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Article
March 1, 1995

The Appropriateness of Tympanostomy Tubes for Children

Author Affiliations

Children's Hospital of Pittsburgh Pittsburgh, Pa
Boston City Hospital Boston, Mass

JAMA. 1995;273(9):697. doi:10.1001/jama.1995.03520330027016
Abstract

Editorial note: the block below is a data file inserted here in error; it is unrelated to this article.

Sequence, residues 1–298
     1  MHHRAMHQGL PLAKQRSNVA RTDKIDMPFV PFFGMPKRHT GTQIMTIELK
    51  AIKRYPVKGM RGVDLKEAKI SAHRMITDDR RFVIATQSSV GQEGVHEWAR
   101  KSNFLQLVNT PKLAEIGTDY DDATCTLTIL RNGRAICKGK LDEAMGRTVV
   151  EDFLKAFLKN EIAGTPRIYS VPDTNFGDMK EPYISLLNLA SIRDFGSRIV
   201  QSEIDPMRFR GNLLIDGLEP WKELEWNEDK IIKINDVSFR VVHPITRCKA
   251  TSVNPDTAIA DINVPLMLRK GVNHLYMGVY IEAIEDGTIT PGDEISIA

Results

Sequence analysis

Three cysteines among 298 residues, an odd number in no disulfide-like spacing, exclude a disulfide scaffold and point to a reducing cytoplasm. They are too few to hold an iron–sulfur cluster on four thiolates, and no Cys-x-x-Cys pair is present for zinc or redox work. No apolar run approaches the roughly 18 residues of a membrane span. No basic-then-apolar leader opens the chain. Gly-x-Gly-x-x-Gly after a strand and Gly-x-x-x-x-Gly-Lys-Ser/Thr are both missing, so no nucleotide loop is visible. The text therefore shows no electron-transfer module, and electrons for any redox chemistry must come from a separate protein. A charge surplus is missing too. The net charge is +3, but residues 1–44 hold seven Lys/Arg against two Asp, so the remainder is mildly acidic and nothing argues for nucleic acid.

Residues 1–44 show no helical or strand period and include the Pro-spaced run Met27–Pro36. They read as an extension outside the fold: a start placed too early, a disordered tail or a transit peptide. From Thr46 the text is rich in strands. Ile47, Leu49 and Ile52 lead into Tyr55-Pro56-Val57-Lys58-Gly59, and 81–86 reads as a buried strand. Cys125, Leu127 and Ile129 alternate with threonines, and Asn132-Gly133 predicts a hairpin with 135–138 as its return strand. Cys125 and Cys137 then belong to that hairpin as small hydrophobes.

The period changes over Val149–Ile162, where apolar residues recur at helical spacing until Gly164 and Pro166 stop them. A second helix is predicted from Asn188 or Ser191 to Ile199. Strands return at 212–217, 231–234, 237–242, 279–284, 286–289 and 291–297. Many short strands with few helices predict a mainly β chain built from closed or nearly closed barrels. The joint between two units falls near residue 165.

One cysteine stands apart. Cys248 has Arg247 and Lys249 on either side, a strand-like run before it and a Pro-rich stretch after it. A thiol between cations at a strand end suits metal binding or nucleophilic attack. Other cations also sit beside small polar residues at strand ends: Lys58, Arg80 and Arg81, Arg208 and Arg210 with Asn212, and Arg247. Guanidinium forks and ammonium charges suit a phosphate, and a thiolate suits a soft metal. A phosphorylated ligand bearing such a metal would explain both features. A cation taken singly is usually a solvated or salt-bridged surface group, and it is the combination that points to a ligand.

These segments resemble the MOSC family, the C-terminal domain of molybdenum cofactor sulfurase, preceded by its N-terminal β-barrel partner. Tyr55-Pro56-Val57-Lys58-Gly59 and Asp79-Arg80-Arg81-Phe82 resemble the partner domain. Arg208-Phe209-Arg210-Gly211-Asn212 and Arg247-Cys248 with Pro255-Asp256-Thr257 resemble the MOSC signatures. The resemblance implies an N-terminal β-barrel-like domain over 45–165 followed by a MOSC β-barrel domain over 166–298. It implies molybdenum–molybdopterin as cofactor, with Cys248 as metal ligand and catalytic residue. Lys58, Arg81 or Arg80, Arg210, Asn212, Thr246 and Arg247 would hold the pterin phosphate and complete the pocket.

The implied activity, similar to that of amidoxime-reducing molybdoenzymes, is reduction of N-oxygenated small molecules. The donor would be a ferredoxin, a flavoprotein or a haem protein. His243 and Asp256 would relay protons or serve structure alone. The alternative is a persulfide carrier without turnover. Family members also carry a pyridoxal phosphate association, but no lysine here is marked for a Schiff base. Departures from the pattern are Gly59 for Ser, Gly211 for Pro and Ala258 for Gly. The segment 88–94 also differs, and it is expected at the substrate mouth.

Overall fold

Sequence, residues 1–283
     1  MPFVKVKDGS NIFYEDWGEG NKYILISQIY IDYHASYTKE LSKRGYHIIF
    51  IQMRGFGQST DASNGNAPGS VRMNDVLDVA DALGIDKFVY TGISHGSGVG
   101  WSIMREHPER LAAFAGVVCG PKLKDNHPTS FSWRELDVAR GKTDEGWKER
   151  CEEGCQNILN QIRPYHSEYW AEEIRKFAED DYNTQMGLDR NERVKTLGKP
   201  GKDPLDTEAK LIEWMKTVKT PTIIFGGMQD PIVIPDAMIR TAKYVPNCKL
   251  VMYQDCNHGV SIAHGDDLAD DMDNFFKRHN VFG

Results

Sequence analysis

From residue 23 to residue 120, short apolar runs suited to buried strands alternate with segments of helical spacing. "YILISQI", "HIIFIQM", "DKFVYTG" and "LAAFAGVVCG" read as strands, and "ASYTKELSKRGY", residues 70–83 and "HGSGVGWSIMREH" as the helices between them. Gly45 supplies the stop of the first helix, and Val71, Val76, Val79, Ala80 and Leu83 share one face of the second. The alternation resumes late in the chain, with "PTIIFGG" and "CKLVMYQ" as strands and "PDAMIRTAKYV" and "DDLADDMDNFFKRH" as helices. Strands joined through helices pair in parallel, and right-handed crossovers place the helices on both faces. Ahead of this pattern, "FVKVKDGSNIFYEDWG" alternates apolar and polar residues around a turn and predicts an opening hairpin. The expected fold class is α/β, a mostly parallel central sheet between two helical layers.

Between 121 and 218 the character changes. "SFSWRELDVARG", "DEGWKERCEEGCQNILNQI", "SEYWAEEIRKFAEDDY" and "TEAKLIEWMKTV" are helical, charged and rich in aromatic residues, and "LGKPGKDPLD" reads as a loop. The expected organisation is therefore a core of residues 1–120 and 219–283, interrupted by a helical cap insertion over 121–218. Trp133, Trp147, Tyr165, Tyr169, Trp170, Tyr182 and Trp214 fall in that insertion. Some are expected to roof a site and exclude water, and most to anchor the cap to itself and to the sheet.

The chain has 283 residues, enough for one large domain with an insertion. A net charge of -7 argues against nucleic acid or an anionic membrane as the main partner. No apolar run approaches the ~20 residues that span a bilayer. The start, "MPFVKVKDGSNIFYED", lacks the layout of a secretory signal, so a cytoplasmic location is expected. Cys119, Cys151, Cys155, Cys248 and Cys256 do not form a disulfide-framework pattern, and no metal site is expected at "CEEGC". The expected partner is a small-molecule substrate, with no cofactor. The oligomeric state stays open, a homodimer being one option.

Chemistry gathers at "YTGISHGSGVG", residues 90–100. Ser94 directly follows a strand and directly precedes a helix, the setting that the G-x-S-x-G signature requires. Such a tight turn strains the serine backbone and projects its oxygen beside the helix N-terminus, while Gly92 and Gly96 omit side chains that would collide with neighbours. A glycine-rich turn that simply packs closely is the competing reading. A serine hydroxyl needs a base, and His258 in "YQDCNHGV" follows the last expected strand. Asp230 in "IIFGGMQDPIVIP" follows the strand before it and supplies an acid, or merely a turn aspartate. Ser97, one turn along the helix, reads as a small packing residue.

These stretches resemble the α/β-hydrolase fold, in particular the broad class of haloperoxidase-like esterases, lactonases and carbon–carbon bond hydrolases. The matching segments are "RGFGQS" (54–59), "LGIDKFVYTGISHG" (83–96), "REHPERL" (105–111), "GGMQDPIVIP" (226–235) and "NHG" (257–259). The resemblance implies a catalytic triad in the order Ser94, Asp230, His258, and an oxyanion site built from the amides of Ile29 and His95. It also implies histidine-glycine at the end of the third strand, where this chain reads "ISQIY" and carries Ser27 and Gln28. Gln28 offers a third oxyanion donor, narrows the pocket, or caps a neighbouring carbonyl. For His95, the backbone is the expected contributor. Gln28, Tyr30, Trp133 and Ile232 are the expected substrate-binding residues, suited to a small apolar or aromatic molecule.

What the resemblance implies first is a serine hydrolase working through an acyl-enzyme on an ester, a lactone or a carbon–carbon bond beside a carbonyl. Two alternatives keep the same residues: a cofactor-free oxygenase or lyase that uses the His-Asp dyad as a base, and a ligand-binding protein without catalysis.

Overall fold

To the Editor.  —We are concerned about several aspects of the report by Dr Kleinman and colleagues1 on use of tympanostomy tubes in children. Children with recurrent acute otitis media who fail antibiotic prophylaxis are appropriately considered for placement of ventilating tubes but were identified as "inappropriate" or "equivocal" in the report. We have identified tube insertion for this indication in our publications,2 and there is additional convincing evidence to support this usage.3,4 A recent clinical trial reported in 1992 by Casselbrant and coworkers5 addressed this question and again supported use of tympanostomy tubes for children with recurrent acute otitis media who fail antibiotic prophylaxis. The rapid emergence of resistant bacteria such as penicillin-resistant Streptococcus pneumoniae during the past few years may make indications for surgical intervention an even more important alternative to antimicrobial treatment and prophylaxis.We participated in the panel convened by Value Health

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